My definition of FOMO:
n. (“Fear of Missing Out”) : the fear that there is a party going on somewhere that you haven’t been invited to; the nagging feeling that everyone is having more fun and crazier adventures than you are, and probably together
I think this perfectly natural form of anxiety has gotten much, much worse with the invention of social media (Facebook, Snapchat, Instagram, Twitter, etc.). Suddenly, there’s a platform where you can show off how much fun you’re having to all of your friends and acquaintances with merely the post of a dolled-up selfie in front of the Eiffel Tower, or at a super cool looking bar with all your hot new friends (see other annoying* ways to use facebook). There are also far more ways to be subtly validated (getting 30+ likes on your profile picture) and therefore far more ways to be subtly invalidated (nobody commented on my link!?).
* I’m not claiming that I don’t do these things, most people do. It’s the nature of the beast. Most of us also occasionally post unannoying things ;).
But, there are also versions of this phenomenon that have nothing to do with social media. FOMO is in the family of exclusion, loneliness, social anxiety, insecurity — these are all normal human things because we live in a society full of other humans and like to be accepted and belong. (I’ve been researching David Hume so I can teach my philosophy class this afternoon, so here are his thoughts on human nature and the need to be included, if you need some light reading).
This feeling has been on my mind a lot, because I’ve been thrown into a new group of people in a foreign country for a year. It’s easy to become obsessed with who’s forming relationships with who and what everyone is doing and with whom they’re doing it, because this community is tiny, and crazy adventure opportunities abound. I also find people and group dynamics pretty fascinating, and sometimes all I want to do is think about and analyze them.
If I really wanted to, I could also think about the things I’m missing out on in the States. A few of my best friends are all still at university being staff members together, others are spread out and finding jobs and hanging out with other former Whitties and going to Fall Release weekend in Walla Walla. There’s also my family, going to the Nutty Nutcracker in Seattle for Xmas and a family friend’s house for Thanksgiving.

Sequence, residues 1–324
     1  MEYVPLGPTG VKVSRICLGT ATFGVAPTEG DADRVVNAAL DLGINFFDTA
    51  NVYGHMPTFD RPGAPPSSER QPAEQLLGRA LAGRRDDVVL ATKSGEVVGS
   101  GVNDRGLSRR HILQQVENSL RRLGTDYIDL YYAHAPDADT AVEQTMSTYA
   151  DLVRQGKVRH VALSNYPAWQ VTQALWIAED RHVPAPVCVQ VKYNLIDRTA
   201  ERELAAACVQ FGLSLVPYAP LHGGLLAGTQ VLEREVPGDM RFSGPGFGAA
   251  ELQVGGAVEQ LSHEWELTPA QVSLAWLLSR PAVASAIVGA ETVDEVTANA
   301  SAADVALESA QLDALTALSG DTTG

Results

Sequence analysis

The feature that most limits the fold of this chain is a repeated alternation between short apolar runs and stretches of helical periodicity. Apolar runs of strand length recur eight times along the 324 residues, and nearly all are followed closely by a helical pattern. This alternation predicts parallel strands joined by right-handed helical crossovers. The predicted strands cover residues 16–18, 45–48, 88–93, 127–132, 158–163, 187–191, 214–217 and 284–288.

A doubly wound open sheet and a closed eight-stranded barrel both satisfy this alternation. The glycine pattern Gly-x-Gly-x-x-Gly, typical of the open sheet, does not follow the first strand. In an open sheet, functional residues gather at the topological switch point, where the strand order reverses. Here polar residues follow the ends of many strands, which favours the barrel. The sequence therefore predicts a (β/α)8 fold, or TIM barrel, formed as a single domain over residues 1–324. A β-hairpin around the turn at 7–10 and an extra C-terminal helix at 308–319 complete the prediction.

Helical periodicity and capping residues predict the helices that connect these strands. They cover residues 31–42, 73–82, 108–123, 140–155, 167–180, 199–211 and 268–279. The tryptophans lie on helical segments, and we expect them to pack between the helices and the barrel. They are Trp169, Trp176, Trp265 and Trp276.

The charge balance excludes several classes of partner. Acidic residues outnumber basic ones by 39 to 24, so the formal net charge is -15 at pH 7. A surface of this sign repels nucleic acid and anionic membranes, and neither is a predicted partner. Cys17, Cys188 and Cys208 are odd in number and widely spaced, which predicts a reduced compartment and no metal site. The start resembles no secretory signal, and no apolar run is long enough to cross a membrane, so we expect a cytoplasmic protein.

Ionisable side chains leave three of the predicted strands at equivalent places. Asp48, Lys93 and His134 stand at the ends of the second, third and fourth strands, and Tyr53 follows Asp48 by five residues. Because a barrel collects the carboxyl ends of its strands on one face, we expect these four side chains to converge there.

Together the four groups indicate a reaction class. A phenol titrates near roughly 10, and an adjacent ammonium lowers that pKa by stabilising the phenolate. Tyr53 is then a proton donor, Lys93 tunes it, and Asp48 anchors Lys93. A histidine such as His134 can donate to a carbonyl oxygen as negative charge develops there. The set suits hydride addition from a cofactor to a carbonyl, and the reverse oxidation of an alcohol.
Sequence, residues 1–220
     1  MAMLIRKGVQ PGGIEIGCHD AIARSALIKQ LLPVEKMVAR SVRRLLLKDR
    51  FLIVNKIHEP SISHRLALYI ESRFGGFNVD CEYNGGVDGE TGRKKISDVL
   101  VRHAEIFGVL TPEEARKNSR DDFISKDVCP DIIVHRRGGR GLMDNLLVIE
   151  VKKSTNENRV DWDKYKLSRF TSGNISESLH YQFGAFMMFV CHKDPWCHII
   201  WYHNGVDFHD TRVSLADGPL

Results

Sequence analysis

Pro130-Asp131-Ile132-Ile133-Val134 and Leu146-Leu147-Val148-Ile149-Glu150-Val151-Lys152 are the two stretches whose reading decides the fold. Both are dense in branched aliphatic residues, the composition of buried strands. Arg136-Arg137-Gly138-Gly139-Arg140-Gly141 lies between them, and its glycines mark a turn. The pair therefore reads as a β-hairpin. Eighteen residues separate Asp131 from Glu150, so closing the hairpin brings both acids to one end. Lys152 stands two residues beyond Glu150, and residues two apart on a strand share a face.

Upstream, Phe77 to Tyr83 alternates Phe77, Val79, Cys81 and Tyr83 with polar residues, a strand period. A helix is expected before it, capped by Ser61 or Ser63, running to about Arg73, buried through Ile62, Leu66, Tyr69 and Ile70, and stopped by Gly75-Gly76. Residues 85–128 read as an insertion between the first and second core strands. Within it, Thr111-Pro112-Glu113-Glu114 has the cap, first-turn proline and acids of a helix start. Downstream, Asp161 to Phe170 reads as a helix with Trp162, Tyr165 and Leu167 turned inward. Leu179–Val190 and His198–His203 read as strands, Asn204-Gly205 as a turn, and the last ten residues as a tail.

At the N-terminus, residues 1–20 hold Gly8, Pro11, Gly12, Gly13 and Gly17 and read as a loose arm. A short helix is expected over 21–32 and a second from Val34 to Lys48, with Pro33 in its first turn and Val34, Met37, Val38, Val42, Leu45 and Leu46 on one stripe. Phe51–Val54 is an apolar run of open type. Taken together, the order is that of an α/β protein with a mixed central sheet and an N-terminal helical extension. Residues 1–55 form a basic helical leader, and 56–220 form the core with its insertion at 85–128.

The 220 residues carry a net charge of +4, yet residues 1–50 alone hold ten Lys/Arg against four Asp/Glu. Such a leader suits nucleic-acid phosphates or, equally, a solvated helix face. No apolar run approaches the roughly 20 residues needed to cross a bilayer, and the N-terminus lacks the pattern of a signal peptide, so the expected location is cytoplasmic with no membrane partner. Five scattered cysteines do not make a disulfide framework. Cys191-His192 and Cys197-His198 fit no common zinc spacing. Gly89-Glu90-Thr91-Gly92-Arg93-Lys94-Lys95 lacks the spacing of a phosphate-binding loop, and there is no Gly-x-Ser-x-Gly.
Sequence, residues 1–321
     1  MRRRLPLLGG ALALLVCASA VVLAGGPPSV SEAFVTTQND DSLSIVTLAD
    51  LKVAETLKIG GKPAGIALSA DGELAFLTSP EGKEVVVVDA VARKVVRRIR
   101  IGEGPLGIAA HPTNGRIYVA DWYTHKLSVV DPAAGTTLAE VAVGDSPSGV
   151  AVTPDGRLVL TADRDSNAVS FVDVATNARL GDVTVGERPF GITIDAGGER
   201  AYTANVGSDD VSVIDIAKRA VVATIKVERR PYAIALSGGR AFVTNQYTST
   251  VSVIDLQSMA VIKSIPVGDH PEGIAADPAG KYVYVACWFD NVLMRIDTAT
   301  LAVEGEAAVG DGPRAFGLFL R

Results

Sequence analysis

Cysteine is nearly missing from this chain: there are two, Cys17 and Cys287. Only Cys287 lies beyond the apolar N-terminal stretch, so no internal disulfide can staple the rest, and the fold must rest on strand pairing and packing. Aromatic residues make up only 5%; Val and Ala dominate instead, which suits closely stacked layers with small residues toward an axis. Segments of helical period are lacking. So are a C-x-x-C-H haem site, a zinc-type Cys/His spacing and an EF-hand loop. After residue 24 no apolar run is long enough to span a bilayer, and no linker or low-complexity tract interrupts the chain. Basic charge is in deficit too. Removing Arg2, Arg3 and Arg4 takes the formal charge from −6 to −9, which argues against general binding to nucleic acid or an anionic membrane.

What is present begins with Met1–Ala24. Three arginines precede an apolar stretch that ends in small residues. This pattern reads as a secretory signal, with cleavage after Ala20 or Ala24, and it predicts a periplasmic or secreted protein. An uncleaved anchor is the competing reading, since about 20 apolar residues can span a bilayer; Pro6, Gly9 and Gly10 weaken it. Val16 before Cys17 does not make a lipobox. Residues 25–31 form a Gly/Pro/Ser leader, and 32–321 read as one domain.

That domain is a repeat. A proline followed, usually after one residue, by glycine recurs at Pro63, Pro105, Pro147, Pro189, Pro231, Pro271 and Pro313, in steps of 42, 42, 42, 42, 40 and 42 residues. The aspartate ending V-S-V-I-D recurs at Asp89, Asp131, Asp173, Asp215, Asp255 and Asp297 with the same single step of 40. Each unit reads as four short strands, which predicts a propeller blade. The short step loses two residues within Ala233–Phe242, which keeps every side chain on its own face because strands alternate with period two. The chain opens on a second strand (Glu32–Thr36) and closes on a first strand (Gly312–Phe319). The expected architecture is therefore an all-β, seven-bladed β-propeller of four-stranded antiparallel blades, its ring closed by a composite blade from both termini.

The point of all this is: yes, all of us are always missing out on something that we’d like to do.
However, this FOMO lifestyle is unsustainable. All it does is make one think they’re never where the party is, which leads inevitably to the feeling of non-belonging, exclusion, and disparaging thoughts about oneself: the grass is always greener elsewhere.
So, here’s my new solution: be where the party is. Your own personal party, in which you find and do all of the things that interest you and invite others to come along if they’re also interested. This is a much more active/proactive response to FOMO, and that is sometimes the harder way to go when I wish things were easy. But I think the proactive method results in more moments of: I would rather be here right now than anywhere else in the world.
Ever since my semester abroad, this has been my gauge for whether or not I’m doing something worthwhile and fulfilling for myself. Especially in the past month, I have had a lot of moments of wishing I were able to be elsewhere — but it hasn’t made me globally doubt that I’m currently in the best place for my own personal growth. I don’t think you can ever always be certain 100% of the time that where you are is the only forever place for you, but the ratio of doubt to certainty can be low. I’m still striving for equilibrium, as are all the other people in the world (and especially in my age group).
But I mean, if we all were together doing the same crazy things all the time, we’d have nothing to talk about.
And the moments I’m not missing out on have been pretty fun. Let’s focus on those:
Here’s hoping that you, readers, feel like you’re where the party is. 🙂